Peter announced in Acts 10:34 that he had come to the knowledge of the fact that God is no respecter of persons. This sudden realization had immediate practical implications for his life and his leadership in the Kingdom. We might assume if God is no respecter of persons, that God is neither a respecter of families, or congregations, or denominations. This being evident, there are at least two conclusions for us.
- Every Christian (and group of Christians) has a seat at the table of God’s provision and blessing.
- No Christian (or group of Christians) has a monopoly on God’s provision or blessing.
Knowing this we may boldly approach God’s throne of grace and partake in a buffet of benefits. Knowing this we must do so with a heart void of elitism or pride. We must be prepared to embrace all true believers in Christ as fellow heirs of the promise.
Have you recognized the fact that no believer in modern times or in times past surpasses you in access to divine grace? Lay claim to all that is yours in Christ. But do so humbly, confessing that you surpass no believer in access to grace. Consider yourself a fitting servant to all.
With even a casual reading of the Bible, one will discover that God places a unique emphasis on what God’s people did with their “first”. Whether it was the first day, the first fruit of income,or the first child, God seemed to lay special claim to the first. Jesus said if we seek the Kingdom FIRST, all of our needs would be added to us. In this lesson discover how this principle can practically be applied in your life and how it can literally be a “game changer” for your family.
Here are the notes from this week’s sermon and the audio can be downloaded from the Maximum Life Podcast.
This week – Capshaw Small Groups will be studying, “The Spirit Filled Life”
Audio File – The Spirit Filled Life Sermon
PDF Notes – The Spirit Filled Life Notes
For those of you who are teachers – keep in mind that you will need to do more teaching than normal this week, because it will not be directly tied to a sermon from the previous week. You may also want to forward your class members a link to this material in order to get them, “in the loop”.
- Who is the Holy Spirit? (John 14:26; 15:26) How do you know He is a person and not a force or impersonal power? (See 1 Corinthians 2:11; 12:11; Romans 15:30)
- Why did the Holy Spirit come? (See John 14:16, 17, 27; 16:7, 13, 14)
- What does it mean to be filled with the Holy Spirit? (See Romans 6:1-16)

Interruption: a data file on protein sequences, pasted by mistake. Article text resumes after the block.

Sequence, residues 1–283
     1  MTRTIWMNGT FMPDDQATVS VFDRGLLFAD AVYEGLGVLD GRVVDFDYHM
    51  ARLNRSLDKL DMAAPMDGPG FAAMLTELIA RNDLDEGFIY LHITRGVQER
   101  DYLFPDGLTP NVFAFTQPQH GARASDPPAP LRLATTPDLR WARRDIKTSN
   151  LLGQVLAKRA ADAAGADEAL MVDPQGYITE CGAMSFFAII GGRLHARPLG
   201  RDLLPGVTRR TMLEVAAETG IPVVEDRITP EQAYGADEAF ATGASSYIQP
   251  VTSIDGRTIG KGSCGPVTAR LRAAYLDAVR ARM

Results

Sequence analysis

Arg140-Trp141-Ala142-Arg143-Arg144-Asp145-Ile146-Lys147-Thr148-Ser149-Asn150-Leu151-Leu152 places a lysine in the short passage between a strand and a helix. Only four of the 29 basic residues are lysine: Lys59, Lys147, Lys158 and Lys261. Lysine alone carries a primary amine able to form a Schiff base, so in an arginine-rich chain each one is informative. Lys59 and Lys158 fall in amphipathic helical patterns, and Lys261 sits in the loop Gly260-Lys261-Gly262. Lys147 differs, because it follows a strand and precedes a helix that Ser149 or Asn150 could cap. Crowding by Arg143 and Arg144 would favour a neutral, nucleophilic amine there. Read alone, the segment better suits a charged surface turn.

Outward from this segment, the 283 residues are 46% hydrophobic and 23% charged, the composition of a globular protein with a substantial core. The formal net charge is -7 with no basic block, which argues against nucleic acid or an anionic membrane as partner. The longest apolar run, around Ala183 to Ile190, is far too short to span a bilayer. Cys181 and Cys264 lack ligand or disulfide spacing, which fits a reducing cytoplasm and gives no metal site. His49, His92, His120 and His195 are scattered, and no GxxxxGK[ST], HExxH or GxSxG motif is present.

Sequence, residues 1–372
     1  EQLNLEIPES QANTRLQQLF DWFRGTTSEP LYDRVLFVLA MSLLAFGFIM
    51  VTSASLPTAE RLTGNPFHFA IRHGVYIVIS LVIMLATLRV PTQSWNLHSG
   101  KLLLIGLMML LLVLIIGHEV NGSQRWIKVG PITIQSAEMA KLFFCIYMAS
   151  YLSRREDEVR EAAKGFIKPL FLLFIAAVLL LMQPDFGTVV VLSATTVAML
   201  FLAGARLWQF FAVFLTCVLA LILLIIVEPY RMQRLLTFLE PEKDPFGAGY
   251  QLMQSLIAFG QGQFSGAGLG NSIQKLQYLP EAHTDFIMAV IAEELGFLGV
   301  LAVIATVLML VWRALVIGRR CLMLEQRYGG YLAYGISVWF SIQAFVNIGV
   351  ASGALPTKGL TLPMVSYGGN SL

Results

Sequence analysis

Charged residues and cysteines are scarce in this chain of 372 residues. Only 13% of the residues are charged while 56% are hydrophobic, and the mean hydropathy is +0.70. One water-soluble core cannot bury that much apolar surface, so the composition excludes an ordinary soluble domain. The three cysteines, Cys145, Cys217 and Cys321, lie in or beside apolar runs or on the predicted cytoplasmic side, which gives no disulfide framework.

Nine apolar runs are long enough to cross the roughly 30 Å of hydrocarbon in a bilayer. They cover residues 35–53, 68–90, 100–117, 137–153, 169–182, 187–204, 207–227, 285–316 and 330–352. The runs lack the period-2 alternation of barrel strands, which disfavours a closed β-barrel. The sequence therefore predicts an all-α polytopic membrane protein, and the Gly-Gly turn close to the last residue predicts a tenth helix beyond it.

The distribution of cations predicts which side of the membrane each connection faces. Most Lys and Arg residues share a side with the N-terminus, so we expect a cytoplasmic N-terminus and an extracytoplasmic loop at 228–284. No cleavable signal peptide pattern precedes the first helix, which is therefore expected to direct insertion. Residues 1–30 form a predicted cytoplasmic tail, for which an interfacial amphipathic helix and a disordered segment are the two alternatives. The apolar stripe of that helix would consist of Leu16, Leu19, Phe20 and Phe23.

- What does “fruit” mean in John 15:8? (See Acts 1:8; Galatians 5:22, 23)
- How can you be filled with the Holy Spirit?
- What command does God give in Ephesians 5:18 and what does it mean?
- How is the command of Ephesians 5:18 related to the promise of l John 5:14, 15? How can this give you assurance that you are filled with the Holy Spirit?
- What characterizes the life of a Christian who is empowered by the Holy Spirit? (See John 15:1-11; Galatians 5:19-25)
- How is the Holy Spirit’s power evident in your own life?
- List two or three Christians you know who do not understand the Spirit-filled life. Make plans this week to share with them how God has filled you with the Holy Spirit and how they, too, can experience the Spirit-filled life.
Group Discussion Questions
- The self-centered Christian manifests certain characteristics that reflect his worldly nature. Consider these questions in your discussion:
a. What does he think about most of the time?
b. What kind of person is he?
c. What kind of things will he be doing? Talk about both good and evil, religious and non-religious activity.
- Is the self-centered Christian really a born again believer? How do you know? (See 1 Corinthians 3:1-3)
- How can you know for sure whether you are a self-centered or a Spirit-filled Christian?
- Why do you need to confess your known sin to God before He can fill you with His Spirit? (See 1 John 1:5-7) If you confess your sin and still feel that you are not forgiven, what must you do to receive that assurance? (See James 4:7; l John 1:9)
- Once you have been filled with the Holy Spirit, will you ever need to be filled again? Why? How many times? When? How could you be filled again?
- The Spirit-filled Christian demonstrates certain characteristics that reflect his godly nature. Identify and discuss these characteristics. What kind of thoughts, desires, actions and emotions will he manifest? (See Philippians 2:12-16; Colossians 3:1-17)
- Perhaps you have asked God to fill you with His Spirit and to control your life. But you don’t feel any different? Does this mean you are not filled with the Spirit? Or does it have any meaning at all? What should you do about it?
- Discuss the differences between the fruit of the Spirit and the gifts of the Spirit. Would you say that the fruit of the Spirit is to guide and control the gifts, or do the gifts control the fruit? Why? (See Galatians 5:22, 23; 1 Corinthians 12:27-13:10)